12 Rules for Life: The Pros

The point of this review isn’t to go through each rule in exhaustive detail. If you’re interested in that level of detail, I recommend simply reading the book for yourself and forming your own judgments.

12 Rules for Life doesn’t come right out and say it, but when you tell an author to choose their target market and write a book that will hold that market’s appeal, the book hit the nail on the head. The book’s rules are targeted to directionless, and disenfranchised young men. It centers around finding your purpose in life, picking up the heaviest load you can carry and moving it forward. Rather than seeing human suffering as some kind of personal failing while you watch everyone else succeed through the curated lens of social media, recognize that the meaning of life isn’t the pursuit of happiness, which is fleeting, but the pursuit of purpose.

As traditional task oriented manufacturing work and other jobs that were principally held by men are automated away or lost to international trade, in the western world, the ability for a man to rely on his job as a symbol of his purpose and value to his family and community has eroded. 12 Rules of Life does a good job of providing guidance in the face of this reality.

Ultimately it’s a story of individualism and personal responsibility. Stop blaming the world for your problems. Stop being a victim. Start by cleaning up your room, metaphorically speaking, before you criticize the world.

Honestly, it’s the kick in the pants a lot of people need. If everyone cleaned up their own backyard, the world would be a cleaner, better place, than if we shout over our fences at one another. These parts of Peterson’s message really resonate with me. Perhaps I’m biased by my relatively conservative, free-market upbringing, but it highlights a lot of the best parts of what we would traditionally consider politically right wing.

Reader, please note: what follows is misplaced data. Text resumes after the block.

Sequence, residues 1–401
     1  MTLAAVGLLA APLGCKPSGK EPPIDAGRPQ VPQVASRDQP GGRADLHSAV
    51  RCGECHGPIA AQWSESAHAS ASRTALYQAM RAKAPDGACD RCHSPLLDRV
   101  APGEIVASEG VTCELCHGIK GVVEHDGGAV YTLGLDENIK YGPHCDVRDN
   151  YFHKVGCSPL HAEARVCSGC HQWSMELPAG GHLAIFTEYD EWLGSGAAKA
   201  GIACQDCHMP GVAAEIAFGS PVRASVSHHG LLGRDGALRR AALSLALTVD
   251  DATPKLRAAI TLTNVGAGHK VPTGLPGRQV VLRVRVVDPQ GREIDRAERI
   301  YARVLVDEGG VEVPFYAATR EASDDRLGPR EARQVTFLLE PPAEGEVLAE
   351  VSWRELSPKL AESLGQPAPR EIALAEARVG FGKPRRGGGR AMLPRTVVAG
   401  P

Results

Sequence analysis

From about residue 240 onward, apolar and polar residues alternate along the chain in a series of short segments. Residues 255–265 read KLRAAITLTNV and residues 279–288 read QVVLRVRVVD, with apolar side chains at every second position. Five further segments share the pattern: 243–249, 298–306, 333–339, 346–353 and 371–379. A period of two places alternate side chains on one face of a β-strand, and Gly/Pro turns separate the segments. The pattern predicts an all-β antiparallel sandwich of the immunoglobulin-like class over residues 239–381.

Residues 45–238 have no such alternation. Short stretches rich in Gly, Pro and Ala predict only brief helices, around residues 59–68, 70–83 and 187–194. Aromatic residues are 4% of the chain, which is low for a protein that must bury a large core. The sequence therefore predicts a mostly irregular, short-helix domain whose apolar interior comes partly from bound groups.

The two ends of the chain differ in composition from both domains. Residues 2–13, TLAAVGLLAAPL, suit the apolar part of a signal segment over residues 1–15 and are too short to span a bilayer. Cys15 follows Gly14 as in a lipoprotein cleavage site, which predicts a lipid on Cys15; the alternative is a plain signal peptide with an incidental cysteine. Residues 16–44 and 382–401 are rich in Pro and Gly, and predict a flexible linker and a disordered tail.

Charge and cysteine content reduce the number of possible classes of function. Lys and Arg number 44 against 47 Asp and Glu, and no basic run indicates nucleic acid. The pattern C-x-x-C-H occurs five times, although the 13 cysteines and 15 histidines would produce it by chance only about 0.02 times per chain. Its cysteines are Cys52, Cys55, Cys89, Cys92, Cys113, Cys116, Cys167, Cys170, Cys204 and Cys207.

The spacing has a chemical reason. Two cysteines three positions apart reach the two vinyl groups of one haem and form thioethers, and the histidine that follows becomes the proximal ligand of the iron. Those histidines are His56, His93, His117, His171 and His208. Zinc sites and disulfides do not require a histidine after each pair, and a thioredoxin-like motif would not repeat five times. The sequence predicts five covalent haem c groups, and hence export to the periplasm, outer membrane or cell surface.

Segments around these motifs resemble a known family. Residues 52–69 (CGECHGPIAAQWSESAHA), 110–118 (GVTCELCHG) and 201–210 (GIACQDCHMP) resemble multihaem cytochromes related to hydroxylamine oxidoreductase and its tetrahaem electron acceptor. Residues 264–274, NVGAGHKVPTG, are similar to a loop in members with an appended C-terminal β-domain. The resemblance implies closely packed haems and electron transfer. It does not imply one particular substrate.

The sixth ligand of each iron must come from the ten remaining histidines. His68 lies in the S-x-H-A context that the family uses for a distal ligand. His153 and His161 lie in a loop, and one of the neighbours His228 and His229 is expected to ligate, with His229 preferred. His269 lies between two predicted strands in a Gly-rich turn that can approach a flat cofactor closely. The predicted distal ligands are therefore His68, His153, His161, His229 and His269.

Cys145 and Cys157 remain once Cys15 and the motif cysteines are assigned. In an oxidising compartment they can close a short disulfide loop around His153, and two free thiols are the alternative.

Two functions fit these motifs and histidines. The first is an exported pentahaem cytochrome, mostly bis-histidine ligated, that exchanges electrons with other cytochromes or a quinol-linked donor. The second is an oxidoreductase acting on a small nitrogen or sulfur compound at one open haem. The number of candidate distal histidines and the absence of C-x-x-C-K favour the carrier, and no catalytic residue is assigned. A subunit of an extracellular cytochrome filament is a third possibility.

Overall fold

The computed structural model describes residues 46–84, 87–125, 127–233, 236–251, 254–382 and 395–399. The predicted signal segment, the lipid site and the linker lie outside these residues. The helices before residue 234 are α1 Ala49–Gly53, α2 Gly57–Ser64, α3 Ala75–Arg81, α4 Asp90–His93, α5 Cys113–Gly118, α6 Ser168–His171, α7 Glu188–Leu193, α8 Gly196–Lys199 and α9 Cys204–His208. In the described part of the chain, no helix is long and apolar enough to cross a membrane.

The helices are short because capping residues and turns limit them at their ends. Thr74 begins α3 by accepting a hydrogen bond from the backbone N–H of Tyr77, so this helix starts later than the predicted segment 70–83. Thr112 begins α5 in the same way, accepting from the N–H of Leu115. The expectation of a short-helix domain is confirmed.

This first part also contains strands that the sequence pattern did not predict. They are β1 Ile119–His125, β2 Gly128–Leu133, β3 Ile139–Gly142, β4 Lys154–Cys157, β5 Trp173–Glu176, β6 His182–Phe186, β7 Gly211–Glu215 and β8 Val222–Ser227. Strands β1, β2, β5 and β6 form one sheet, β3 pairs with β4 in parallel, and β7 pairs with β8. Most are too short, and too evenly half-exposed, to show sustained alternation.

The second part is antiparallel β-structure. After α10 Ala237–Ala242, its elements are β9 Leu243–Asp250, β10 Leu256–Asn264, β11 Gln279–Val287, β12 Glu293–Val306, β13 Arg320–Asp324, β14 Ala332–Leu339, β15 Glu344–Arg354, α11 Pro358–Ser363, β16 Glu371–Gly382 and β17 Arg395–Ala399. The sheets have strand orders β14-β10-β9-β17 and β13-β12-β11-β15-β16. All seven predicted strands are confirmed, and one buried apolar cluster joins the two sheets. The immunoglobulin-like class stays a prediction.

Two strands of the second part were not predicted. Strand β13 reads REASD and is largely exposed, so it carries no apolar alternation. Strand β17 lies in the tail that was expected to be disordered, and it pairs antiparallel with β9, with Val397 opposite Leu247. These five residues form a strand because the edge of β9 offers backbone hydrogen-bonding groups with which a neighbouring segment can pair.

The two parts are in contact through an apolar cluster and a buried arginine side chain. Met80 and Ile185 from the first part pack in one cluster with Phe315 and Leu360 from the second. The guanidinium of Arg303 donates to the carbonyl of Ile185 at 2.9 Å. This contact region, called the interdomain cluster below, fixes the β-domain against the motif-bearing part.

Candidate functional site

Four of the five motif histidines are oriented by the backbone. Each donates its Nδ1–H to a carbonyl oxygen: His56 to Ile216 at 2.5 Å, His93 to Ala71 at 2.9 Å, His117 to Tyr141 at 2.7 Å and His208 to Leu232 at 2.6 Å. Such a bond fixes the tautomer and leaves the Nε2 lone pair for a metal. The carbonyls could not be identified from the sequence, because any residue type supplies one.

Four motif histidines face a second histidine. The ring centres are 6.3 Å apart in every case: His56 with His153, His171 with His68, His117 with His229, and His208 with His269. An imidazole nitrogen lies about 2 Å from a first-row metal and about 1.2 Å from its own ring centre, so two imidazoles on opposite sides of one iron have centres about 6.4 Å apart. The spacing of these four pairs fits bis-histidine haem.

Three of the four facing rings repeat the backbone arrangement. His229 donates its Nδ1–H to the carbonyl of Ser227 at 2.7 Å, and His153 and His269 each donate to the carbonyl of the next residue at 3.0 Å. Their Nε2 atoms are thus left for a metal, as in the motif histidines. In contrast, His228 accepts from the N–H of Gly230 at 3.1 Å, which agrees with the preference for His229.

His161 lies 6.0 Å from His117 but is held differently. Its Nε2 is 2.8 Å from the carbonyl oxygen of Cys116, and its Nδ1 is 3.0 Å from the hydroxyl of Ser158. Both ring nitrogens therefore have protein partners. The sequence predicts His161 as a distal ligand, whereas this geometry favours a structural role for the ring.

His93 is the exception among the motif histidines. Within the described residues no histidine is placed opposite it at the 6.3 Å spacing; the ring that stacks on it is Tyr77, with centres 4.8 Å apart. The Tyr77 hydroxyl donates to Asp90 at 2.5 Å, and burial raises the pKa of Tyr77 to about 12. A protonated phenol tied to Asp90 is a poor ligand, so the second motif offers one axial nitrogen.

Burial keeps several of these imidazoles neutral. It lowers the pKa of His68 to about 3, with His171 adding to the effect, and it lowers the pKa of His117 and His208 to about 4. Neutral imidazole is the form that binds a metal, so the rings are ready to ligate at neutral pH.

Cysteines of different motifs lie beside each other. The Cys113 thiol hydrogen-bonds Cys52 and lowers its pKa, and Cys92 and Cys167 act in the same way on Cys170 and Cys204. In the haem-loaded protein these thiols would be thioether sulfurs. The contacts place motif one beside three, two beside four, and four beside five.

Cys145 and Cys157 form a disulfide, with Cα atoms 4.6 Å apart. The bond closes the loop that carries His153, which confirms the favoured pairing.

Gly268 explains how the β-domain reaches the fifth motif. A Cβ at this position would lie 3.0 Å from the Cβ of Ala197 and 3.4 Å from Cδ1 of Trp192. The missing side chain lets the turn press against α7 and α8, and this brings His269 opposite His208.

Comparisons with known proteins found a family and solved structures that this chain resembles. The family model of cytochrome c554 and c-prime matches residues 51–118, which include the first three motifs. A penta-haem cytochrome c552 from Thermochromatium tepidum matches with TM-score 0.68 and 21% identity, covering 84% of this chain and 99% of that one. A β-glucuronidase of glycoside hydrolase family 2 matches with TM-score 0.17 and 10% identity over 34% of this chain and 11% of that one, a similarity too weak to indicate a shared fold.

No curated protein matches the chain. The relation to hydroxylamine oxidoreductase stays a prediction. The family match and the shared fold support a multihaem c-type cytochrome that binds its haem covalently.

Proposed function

The second big element of 12 Rules for Life that is compelling is the way it uses theology, ancient texts, particularly the Bible, as a form of evidence for why humans are the way we are. The Bible as evidence? This seems to fly in the face of scientific theory. A great metaphysical man in the sky isn’t something that can be tested statistically, so how can it have any empirical value? I’ll set aside my own personal religious beliefs for this discussion, and I implore you to as well as I work through the next argument.

Consider this. How many stories have managed to survive for thousands of years? Maybe a handful. Beyond that, imagine how impossible it would be to keep a record of a story as extensive as the Bible in the absence of modern technology. Bits and pieces etched into stone tablets and papyrus that perish to the decay of time. No, these stories lived thousands of years because they were told from one generation to the next. For a story to have that kind of staying power must mean that it speaks deeply to the human condition. Its ability to outlast not just one generation, but thousands, is evidence of each story’s importance.

This is an unconventional perspective, at least in modern times. Have we been to quick to discard religious teachings in favor of hard science, when in theory, the best science we have is the permanence of the moral code we gravitate towards, as represented by the Bible. Sure the Bible could have been written as scientific text about the emotional inner workings of the human brain, instead of a series of symbolic stories, but then it wouldn’t have been able to persist through time. There’s something deeply human about story telling. It goes back to one of the fundamental rules of writing: show don’t tell.

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